New York City to join his father in 1994 and was immediately drawn to the freedom and
sophistication of the music. With no real precedent for the harp in the jazz world,
Castaneda studied trumpet by day while trying out his newfound knowledge on the harp
at a restaurant gig by night.
He was ushered into the jazz community by Paquito D’Rivera, who recognized
Castaneda’s passion and took the young harpist under his wing. D’Rivera has called him
“an enormous talent… [Edmar] has the versatility and the enchanting charisma of a
musician who has taken his harp out of the shadow to become one of the most original
musicians from the Big Apple.”
Since then, Castaneda has taken New York and the world stage by storm with the sheer
force of his virtuosic command of the harp, revolutionizing the way audiences and critics
alike consider an instrument commonly relegated to the “unusual category”. He’s been
acclaimed as a master at realizing beautiful complexities of time, while skillfully drawing
out lush colors and dynamic spirit and crafting almost unbelievable feats of crossrhythms,
layered with chordal nuances rivaling the most celebrated flamenco guitarist’s
Castaneda made his debut as a leader in 2007 with Cuartos de Colores, which features
the harpist in a variety of settings, including guest appearances by D’Rivera and the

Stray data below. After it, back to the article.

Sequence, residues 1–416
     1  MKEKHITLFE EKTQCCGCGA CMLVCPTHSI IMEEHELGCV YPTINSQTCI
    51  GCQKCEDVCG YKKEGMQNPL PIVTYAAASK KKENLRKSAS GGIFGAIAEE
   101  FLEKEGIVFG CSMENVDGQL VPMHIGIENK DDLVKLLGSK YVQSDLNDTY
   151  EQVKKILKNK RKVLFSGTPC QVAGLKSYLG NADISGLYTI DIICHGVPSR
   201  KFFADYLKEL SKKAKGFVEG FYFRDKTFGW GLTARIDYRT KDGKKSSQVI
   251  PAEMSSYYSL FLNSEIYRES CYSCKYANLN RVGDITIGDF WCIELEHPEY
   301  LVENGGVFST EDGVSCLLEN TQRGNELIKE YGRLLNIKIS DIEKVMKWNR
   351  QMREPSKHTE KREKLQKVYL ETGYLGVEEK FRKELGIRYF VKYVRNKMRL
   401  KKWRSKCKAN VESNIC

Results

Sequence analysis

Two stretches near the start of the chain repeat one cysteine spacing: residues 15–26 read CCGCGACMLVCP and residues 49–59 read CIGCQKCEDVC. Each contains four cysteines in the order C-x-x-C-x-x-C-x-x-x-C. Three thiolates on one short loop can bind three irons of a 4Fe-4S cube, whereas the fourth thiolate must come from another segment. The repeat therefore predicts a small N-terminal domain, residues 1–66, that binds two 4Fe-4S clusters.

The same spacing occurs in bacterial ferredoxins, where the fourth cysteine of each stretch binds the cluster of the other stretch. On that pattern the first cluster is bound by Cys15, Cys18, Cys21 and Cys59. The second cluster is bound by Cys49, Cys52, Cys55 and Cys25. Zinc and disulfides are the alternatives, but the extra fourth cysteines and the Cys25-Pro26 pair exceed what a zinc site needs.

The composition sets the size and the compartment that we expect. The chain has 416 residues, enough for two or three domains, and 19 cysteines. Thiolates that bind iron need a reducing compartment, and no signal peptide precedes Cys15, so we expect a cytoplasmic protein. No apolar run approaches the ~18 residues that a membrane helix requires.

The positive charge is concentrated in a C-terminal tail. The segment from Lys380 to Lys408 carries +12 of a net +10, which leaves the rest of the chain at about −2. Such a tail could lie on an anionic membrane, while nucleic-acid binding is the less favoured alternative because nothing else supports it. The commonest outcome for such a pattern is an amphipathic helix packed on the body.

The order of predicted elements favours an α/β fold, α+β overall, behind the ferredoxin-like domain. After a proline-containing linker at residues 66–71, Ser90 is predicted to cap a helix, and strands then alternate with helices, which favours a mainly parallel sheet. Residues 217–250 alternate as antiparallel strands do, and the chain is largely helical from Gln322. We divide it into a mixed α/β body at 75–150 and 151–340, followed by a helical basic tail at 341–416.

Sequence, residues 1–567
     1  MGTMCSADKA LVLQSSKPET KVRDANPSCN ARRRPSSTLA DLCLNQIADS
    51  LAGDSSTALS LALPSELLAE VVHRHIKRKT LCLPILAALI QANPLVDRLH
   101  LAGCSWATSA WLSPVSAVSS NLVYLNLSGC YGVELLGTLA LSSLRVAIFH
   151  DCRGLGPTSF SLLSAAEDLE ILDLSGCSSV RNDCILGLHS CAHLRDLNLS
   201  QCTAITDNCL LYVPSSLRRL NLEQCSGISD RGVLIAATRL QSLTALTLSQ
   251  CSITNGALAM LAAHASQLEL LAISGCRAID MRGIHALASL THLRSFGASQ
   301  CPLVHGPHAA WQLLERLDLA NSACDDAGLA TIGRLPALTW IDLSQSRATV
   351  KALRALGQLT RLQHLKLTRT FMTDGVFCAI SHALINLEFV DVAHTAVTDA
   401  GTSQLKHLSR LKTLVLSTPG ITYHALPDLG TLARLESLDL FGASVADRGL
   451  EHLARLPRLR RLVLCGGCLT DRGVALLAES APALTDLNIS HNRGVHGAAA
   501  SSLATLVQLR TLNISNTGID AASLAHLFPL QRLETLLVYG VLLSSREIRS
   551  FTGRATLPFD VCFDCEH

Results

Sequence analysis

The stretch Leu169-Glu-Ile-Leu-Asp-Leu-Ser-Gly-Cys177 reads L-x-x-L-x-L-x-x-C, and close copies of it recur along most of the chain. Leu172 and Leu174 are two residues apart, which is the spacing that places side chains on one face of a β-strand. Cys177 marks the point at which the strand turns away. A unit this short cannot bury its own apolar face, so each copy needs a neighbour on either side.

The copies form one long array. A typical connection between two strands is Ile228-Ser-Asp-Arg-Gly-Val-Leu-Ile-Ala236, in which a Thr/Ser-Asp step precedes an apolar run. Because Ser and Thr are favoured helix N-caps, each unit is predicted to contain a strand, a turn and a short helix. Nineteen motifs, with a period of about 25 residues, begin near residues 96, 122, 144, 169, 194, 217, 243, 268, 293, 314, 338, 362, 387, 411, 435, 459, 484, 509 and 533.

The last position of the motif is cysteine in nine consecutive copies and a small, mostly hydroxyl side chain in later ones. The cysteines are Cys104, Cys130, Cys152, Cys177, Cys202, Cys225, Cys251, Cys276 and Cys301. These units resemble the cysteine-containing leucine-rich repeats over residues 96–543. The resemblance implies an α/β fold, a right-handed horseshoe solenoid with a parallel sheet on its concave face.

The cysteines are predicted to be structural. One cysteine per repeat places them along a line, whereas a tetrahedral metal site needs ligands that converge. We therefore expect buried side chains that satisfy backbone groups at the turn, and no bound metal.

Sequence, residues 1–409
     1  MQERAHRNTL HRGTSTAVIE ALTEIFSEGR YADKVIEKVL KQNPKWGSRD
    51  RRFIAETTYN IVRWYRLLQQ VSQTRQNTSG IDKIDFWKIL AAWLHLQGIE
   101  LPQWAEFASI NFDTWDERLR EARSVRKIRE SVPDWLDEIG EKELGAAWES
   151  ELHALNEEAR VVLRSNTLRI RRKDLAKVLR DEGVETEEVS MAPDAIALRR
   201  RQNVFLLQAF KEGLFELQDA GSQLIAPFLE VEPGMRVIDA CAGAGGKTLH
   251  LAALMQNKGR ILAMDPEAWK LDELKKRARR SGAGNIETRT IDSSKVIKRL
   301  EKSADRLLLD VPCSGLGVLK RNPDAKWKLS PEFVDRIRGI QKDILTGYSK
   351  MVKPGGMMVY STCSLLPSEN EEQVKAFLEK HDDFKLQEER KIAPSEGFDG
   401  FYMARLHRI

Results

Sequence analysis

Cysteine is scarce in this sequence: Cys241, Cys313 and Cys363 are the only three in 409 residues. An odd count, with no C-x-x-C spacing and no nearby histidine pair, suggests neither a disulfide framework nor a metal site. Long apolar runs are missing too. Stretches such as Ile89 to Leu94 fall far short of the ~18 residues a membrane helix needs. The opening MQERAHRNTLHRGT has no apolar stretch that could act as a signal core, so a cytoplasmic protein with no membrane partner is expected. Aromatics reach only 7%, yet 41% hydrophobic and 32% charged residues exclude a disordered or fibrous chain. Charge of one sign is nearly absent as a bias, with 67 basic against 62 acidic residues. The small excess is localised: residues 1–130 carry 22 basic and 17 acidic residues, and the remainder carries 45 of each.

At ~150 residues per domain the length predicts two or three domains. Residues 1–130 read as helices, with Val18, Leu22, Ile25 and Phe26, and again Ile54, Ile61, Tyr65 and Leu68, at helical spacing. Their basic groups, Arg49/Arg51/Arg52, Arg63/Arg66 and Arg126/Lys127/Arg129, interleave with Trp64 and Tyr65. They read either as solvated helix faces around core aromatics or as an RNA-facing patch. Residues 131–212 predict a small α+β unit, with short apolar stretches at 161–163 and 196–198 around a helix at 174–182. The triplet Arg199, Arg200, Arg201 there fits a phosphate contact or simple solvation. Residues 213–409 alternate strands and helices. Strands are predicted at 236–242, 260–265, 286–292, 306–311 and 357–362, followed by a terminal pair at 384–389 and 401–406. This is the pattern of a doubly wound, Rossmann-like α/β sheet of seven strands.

explosive percussionist Pedrito Martinez. He followed that with 2009’s Entre Cuerdas, a
trio date with trombonist Marshall Gilkes and drummer Dave Silliman that also featured
turns by Scofield, vibraphonist Joe Locke, percussionist Samuel Torres and Colombian
vocalist Andrea Tierra.
Double Portion (2012) was divided into solo and duo pieces, with Castaneda engaging in
scintillating musical conversations with Rubalcaba, de Holanda and saxophonist Miguel
Zénon. Live at the Jazz Standard (2015) showcased Castaneda’s World Ensemble,
uniting musicians from a variety of global traditions. The stellar band brought back
Gilkes, Silliman and Tierra alongside Swiss harmonica master Grégroire Maret; flautist
Itai Kriss and saxophonist Shlomi Cohen (both from Israel); Chilean pianist Pablo
Vergara; Castaneda’s countryman, Colombian drummer Rodrigo Villalon; Turkish kanun
player Tamer Pinarbasi; and Brazilian Sergio Krakowski on pandeiro.
Event Venue & Nearby Stays
DROM, 85 Avenue A, New York, United States